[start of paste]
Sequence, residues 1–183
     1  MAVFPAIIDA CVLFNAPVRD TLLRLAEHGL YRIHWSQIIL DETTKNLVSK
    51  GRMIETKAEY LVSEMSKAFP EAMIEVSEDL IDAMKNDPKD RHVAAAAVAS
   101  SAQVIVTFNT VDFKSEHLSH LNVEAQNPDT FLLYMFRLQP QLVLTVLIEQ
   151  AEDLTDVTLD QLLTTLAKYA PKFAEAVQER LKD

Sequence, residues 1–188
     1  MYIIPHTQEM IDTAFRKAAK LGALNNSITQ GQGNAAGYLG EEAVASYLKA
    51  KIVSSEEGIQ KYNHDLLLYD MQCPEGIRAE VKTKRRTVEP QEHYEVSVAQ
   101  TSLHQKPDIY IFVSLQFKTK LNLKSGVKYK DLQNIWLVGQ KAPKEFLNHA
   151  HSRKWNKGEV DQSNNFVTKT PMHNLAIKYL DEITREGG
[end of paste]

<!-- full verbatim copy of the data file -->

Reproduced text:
Sequence, residues 1–183
     1  MAVFPAIIDA CVLFNAPVRD TLLRLAEHGL YRIHWSQIIL DETTKNLVSK
    51  GRMIETKAEY LVSEMSKAFP EAMIEVSEDL IDAMKNDPKD RHVAAAAVAS
   101  SAQVIVTFNT VDFKSEHLSH LNVEAQNPDT FLLYMFRLQP QLVLTVLIEQ
   151  AEDLTDVTLD QLLTTLAKYA PKFAEAVQER LKD

Sequence, residues 1–188
     1  MYIIPHTQEM IDTAFRKAAK LGALNNSITQ GQGNAAGYLG EEAVASYLKA
    51  KIVSSEEGIQ KYNHDLLLYD MQCPEGIRAE VKTKRRTVEP QEHYEVSVAQ
   101  TSLHQKPDIY IFVSLQFKTK LNLKSGVKYK DLQNIWLVGQ KAPKEFLNHA
   151  HSRKWNKGEV DQSNNFVTKT PMHNLAIKYL DEITREGG